The decision to cull Denmark’s entire population of mink after a mutated strain of Covid-19 was found to have no legal basis, the country’s prime minister has admitted, days after ordering the move to hinder its spread to humans.
PM Mette Frederiksen last week ordered the culling of the country’s 15-17 million-strong mink population, after the World Health Organization (WHO) said it was looking into reports that the virus was jumping from animals to people.
“Even if we were in a rush, it should have been completely clear to us that new legislation was required, and it was not. I apologize for that,” Frederiksen told parliament on Tuesday.
The PM insisted that she did not know last week that the mass cull would be illegal, and that the issue had only come to light over the weekend.
The government’s call for all mink to be slaughtered came on November 4, but was made without the required legislation, local media reported. According to Danish law, disease must be found in animals, or they must be found in an infected area, before the government can order a blanket cull.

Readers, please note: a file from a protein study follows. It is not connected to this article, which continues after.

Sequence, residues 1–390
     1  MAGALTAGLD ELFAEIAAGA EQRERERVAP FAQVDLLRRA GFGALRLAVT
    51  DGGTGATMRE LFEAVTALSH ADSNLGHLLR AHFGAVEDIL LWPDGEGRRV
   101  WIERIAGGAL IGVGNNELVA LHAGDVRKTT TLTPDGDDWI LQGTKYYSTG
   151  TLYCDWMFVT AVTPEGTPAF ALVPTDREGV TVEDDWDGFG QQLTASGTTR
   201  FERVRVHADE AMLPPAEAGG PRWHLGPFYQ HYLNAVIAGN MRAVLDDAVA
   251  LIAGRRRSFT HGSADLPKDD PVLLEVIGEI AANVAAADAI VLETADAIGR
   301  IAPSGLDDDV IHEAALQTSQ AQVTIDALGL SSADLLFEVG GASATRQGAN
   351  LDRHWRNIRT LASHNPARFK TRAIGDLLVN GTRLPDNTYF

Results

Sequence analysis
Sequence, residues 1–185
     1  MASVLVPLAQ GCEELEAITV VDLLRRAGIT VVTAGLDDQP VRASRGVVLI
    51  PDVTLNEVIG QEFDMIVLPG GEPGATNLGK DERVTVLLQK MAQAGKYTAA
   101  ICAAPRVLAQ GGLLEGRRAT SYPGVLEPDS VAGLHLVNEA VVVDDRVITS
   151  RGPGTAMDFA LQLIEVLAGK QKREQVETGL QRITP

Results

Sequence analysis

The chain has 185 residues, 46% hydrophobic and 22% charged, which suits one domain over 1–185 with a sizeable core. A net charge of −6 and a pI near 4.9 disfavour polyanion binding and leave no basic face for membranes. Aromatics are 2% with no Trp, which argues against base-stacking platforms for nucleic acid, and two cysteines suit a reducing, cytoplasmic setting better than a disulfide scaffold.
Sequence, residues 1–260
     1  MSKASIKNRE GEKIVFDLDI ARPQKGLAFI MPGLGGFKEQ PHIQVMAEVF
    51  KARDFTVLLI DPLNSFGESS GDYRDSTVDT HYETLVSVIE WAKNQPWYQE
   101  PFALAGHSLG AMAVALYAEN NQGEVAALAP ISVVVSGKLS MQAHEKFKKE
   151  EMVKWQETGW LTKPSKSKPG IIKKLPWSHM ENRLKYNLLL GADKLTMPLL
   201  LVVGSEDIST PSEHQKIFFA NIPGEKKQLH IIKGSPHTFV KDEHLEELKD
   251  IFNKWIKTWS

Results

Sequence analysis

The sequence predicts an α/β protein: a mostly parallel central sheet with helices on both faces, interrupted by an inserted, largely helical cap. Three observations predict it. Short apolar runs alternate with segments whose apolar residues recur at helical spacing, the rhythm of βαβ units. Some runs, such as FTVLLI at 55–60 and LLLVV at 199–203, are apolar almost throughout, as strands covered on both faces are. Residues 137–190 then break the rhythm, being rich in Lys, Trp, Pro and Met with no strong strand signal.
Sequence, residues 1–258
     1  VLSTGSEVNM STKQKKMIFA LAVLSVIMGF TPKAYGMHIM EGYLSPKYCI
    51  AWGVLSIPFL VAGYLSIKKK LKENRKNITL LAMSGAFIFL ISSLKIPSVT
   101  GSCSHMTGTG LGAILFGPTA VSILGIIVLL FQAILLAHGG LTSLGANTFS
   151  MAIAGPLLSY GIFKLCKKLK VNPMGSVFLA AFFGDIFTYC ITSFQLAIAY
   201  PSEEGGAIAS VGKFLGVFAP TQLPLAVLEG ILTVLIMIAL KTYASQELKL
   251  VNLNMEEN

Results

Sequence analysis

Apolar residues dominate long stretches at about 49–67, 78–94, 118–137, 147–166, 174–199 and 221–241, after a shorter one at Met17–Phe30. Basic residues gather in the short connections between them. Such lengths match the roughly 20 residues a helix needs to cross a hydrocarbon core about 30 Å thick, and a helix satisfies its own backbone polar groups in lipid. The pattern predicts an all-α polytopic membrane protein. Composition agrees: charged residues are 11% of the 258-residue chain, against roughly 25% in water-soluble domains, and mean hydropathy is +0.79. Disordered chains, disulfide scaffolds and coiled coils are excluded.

Some 2.5 million mink have already been killed, according to official counts, although a spokesperson for the Danish police said the number was likely to be higher.
On Tuesday the government withdrew its original order and sent out a new letter to mink breeders, specifying that mink at farms where coronavirus was present should be culled.
Mink breeder Ervin Vallebo from the Danish town of Glumso had already killed half of his animals in the space of a week since the original order. “It is 32 years of breeding work that disappears into the killing box,” he said.
His concerns were echoed by fellow mink breeder and chairman of the Zealand Fur Breeders’ Association, Ann Mona Kulso Larsen, who said the government was “removing our livelihood.”
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